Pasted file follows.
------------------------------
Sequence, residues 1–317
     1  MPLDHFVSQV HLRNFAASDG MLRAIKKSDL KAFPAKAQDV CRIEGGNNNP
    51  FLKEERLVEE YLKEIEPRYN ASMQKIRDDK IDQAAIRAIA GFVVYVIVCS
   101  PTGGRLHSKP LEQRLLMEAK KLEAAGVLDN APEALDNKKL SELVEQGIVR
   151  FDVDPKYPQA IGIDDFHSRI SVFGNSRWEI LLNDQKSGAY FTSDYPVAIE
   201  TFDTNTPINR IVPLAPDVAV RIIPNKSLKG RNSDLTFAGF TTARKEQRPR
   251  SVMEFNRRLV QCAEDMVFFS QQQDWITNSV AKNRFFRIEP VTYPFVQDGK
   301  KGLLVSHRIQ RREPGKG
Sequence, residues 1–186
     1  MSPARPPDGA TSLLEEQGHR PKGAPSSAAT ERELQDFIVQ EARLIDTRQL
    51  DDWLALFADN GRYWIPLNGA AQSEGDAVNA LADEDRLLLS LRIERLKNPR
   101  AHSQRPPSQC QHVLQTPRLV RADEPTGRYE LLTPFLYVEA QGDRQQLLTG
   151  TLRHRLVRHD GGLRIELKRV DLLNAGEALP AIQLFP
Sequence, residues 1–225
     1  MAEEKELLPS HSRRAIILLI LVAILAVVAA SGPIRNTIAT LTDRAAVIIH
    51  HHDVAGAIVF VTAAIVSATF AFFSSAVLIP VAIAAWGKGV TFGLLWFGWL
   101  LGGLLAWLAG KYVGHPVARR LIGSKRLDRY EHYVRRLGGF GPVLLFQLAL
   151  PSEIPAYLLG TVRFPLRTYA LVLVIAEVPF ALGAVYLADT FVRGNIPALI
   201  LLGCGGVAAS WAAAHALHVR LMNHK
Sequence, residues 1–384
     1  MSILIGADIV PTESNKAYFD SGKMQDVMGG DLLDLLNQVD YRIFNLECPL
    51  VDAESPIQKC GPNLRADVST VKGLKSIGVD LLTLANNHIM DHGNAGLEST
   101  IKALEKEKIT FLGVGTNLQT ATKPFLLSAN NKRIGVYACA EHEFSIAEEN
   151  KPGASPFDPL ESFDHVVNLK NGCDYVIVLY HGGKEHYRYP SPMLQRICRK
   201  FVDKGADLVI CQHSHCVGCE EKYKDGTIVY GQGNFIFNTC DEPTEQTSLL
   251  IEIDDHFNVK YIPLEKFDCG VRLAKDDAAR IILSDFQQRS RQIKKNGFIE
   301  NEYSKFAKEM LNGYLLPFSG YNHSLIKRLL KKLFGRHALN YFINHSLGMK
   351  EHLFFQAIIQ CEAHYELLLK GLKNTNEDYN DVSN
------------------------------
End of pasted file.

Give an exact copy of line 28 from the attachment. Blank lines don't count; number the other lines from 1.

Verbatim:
   351  EHLFFQAIIQ CEAHYELLLK GLKNTNEDYN DVSN